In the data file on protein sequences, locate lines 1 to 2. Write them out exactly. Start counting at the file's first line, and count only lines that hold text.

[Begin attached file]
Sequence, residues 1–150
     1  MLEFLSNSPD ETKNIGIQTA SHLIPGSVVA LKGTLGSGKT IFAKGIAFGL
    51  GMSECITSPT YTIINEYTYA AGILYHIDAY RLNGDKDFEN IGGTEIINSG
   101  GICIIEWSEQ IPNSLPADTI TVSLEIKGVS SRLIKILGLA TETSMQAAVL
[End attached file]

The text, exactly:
Sequence, residues 1–150
     1  MLEFLSNSPD ETKNIGIQTA SHLIPGSVVA LKGTLGSGKT IFAKGIAFGL